• 3. blot incision sites to help hemostasis
    • 4. ensure instruments attached to skin give surgeon maximum visibility
    • 5. handle tissues gently
    • 6. cut sutures with sharp-sharps
    • 7. keep loose suture material out of the way while surgeon works
    • 8. note breathing and blood color
    • 9. Police the surgical site for loose objects (instruments, cut sutures, sponges, etc.)
  24. RVT post-operative duties
    • 1. Untie endotracheal tube/deflate/monitor for swallowing
    • 2. Remove endotracheal tube upon return of swallowing reflex
    • 3. Monitor temperature until within normal range and maintain dry bedding
    • 4. Roll patient every 15 minutes until patient is able to maintain sternal recumbency
    • 5. Report major changes/problems (vomiting) to surgeon
  25. Possible post-op complications:
    • 1. uncontrolled bleeding from incision site
    • 2. pale mucous membranes and prolonged capillary refill time
    • 3. excessive swelling of incision site
    • 4. prolonged/difficult recovery time
    • 5. Dehiscence
    • 6. Dyspnea
    • 7. Vomiting
    • 8. Licking or chewing of incision site
  26. RVT duties when sending the patient home
    • 1. prepare prescribed medications and make sure they are ready for owner at time of pickup
    • 2. Remind owners of: exercise and dietary restrictions; dressing changes; suture removal times
    • 3. Give owner emergency phone numbers for any questions that may arise
    • 4. After all instructions and the bill is paid, bring pet to owner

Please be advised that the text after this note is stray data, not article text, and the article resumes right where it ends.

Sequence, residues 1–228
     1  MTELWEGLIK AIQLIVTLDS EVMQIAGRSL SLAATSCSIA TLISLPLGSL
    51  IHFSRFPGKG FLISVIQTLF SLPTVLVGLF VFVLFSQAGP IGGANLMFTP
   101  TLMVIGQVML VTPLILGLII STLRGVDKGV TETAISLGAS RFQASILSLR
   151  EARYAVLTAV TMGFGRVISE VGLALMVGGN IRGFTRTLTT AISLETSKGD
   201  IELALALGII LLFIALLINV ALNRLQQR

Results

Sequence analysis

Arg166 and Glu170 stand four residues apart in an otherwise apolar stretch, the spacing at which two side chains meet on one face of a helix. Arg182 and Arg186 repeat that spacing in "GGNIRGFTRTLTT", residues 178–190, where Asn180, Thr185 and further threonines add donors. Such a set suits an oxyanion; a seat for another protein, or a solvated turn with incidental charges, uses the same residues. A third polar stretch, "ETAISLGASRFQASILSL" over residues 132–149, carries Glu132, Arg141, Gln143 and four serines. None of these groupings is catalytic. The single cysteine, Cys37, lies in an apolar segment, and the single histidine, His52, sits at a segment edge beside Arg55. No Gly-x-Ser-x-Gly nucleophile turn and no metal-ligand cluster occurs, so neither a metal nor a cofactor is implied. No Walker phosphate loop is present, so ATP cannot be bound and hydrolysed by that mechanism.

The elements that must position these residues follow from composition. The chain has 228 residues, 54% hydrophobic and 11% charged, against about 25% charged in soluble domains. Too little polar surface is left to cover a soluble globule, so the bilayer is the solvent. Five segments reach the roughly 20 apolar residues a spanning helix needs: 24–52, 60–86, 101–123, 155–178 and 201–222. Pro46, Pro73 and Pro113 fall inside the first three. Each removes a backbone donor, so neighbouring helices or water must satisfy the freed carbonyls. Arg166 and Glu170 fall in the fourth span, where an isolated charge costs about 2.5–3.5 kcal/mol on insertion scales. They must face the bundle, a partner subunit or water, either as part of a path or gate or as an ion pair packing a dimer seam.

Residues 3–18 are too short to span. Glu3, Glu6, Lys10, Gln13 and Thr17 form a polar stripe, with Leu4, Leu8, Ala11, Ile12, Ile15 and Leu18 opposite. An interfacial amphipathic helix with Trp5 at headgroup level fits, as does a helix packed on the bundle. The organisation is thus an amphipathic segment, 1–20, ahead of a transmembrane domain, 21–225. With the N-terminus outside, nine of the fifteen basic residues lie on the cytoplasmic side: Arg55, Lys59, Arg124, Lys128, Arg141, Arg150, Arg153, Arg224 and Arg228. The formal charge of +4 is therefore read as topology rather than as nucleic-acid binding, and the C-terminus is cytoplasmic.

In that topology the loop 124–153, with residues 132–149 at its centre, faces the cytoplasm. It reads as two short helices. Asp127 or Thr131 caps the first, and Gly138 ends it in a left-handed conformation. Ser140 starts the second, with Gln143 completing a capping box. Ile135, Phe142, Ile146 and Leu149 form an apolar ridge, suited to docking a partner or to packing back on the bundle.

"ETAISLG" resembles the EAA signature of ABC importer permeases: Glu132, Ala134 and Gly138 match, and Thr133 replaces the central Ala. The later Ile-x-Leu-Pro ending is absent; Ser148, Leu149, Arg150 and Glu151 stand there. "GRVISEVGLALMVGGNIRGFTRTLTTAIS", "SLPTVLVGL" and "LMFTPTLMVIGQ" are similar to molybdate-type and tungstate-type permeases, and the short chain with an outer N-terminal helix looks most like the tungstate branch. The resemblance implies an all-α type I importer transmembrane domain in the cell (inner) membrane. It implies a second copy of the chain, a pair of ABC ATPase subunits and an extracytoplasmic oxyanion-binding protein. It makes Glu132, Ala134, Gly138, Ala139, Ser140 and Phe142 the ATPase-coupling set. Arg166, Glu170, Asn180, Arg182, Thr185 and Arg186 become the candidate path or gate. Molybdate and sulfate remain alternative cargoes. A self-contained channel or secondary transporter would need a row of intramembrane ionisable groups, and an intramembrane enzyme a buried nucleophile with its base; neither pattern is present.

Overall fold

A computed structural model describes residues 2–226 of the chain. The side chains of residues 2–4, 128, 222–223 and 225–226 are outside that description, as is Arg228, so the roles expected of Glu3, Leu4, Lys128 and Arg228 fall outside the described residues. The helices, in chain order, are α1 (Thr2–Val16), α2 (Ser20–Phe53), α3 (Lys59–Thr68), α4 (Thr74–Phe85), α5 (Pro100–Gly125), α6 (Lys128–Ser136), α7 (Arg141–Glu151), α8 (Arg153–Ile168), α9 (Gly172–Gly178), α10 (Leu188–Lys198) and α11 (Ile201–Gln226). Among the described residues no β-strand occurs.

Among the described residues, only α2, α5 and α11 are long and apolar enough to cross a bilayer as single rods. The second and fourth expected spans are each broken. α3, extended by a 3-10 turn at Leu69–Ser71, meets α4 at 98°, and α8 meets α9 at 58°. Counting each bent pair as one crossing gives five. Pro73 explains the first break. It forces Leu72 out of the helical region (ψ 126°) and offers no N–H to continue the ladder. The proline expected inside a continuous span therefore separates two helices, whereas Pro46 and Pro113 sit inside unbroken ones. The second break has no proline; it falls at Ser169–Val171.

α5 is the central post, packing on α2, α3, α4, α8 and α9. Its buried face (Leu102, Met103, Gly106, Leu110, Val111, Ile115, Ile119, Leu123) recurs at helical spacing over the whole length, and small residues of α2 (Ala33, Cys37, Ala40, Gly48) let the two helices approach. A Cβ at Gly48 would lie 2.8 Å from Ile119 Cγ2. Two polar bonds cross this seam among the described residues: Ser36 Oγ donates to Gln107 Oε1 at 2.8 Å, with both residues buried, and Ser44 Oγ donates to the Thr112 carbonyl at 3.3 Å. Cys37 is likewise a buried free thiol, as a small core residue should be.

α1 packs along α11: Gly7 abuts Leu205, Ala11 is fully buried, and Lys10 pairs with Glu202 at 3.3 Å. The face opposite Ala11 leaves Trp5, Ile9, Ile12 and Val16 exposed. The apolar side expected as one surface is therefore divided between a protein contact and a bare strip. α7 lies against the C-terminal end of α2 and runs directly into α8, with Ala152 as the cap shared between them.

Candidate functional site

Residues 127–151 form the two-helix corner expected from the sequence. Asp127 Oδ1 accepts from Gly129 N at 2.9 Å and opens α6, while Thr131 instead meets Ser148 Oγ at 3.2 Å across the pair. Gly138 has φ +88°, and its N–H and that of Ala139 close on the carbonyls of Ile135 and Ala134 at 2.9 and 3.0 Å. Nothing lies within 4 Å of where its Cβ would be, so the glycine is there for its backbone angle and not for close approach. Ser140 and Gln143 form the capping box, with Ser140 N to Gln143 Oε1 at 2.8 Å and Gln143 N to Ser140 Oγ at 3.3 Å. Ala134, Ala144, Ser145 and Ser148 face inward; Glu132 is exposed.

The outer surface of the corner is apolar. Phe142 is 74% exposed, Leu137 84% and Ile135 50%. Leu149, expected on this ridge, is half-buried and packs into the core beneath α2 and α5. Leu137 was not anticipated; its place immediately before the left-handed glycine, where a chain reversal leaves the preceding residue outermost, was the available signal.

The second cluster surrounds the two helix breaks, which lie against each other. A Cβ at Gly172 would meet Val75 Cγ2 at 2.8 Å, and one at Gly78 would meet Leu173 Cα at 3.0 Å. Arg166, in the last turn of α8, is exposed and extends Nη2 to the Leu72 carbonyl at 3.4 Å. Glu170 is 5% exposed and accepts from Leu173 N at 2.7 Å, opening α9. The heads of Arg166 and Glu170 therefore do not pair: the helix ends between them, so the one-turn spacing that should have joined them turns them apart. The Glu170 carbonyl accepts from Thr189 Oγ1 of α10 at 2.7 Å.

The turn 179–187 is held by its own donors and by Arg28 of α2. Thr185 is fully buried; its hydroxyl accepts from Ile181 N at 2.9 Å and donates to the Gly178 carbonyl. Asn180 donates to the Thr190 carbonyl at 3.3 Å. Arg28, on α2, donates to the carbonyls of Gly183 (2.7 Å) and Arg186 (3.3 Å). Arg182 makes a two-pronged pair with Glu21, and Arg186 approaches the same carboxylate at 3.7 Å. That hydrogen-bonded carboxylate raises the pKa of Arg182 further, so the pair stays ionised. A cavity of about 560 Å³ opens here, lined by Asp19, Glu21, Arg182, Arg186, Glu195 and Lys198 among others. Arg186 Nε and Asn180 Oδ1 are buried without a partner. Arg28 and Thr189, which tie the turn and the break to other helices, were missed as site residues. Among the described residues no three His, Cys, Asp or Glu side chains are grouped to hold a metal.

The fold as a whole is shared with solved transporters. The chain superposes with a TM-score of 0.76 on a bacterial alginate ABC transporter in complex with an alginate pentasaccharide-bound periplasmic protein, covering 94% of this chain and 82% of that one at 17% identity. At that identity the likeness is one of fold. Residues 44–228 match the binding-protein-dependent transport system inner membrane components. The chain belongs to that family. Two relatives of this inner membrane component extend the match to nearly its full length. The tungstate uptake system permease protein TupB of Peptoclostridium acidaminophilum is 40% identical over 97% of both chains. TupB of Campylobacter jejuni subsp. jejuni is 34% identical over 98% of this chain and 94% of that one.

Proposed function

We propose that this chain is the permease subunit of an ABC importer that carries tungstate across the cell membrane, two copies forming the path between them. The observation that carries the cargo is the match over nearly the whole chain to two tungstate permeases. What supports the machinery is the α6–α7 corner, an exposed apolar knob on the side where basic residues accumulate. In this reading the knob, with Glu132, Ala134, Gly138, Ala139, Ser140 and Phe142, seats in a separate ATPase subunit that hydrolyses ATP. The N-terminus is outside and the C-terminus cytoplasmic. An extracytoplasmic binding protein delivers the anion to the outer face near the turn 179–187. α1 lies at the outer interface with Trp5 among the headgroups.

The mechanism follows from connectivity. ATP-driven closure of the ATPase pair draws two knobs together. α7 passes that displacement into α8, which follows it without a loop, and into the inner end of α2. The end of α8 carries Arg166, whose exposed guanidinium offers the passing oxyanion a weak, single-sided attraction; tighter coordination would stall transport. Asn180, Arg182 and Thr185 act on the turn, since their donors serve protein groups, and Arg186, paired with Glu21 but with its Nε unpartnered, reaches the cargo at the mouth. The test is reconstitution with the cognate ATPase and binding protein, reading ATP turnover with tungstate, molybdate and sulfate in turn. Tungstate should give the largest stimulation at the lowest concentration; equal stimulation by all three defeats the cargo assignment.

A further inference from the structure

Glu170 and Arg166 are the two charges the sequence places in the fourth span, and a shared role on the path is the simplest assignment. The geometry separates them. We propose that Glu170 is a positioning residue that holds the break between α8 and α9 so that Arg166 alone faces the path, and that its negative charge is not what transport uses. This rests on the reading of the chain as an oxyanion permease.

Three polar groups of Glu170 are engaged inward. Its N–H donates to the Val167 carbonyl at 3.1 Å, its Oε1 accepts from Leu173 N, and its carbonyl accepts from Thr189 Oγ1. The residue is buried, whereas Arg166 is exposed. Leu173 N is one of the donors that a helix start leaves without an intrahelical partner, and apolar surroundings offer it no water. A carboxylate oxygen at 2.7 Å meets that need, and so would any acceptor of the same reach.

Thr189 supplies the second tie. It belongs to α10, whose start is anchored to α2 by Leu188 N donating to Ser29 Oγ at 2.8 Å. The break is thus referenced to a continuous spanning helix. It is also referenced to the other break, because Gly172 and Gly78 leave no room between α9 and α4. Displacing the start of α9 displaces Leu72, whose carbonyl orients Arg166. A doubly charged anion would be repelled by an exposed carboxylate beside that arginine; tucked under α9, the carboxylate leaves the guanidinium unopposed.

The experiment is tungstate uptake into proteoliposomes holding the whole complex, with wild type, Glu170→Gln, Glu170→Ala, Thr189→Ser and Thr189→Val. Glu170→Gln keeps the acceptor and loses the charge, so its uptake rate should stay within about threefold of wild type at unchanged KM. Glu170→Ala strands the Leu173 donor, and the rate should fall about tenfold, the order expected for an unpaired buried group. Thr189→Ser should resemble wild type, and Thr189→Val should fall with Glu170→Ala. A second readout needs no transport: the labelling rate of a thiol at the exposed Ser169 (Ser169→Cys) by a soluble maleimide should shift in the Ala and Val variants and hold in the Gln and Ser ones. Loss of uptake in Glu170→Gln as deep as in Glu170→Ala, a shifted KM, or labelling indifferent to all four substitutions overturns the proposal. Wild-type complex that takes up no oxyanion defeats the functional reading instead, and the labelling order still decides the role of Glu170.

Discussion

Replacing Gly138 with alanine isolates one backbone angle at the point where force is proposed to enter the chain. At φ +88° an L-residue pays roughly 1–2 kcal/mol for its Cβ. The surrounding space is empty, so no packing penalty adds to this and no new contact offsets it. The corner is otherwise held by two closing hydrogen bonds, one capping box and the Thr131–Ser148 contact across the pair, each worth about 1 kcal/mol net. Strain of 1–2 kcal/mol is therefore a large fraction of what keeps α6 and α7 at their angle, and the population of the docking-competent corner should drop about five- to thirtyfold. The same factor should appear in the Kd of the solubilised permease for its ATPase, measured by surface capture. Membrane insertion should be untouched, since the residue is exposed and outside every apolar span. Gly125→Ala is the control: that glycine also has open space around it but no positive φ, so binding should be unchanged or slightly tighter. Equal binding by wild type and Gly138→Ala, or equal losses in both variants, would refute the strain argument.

27. This procedure removes both ovaries and the uterus
    Ovariohysterectomy (OVH)
  28. Common misconceptions about an OVH
    • 1. It is beneficial for the pet to have one litter first - actually easier if done prior to first heat
    • 2. All spayed dogs/cats get fat - metabolism may slow down but caloric intake should be adjusted accordingly
    • 3. All dogs/cats over 3 years are too old to be spayed - false
  29. Why does pregnancy increase the risk of bleeding during an OVH?
    Elevated levels of estrogen interfere with clotting
  30. This is an accumulation of pus in the uterus
  31. Is a pyometra an elective surgery?
    No - emergency surgery
  32. The scientific term for neutering
  33. This surgery removes the distal phalanges and the ungual processes in a cat.
  34. Why is an onychectomy performed?
    To prevent sharpening on furniture
  35. Reasons for an orchiectomy
    • 1. Reduce aggressive tendencies
    • 2. Sterilization to prevent roaming
    • 3. Reduce marking
    • 4. Reduce testicular tumor possibilities
    • 5. Reduce venereal disease possibilities
    • 6. Prostate gland hyperplasia treatment
  36. Adverse affects of castrations earlier than 6 months of age
    • 1. Stunted growth
    • 2. Underdeveloped sphincter muscles leading to urinary incontinence
  37. What must you do to reduce the swelling and discomfort associated with an orchiectomy?
    • Exercise
    • Ice packs
Card Set
Small Animal Surgery
notes on wounds and pre, peri, post op dutes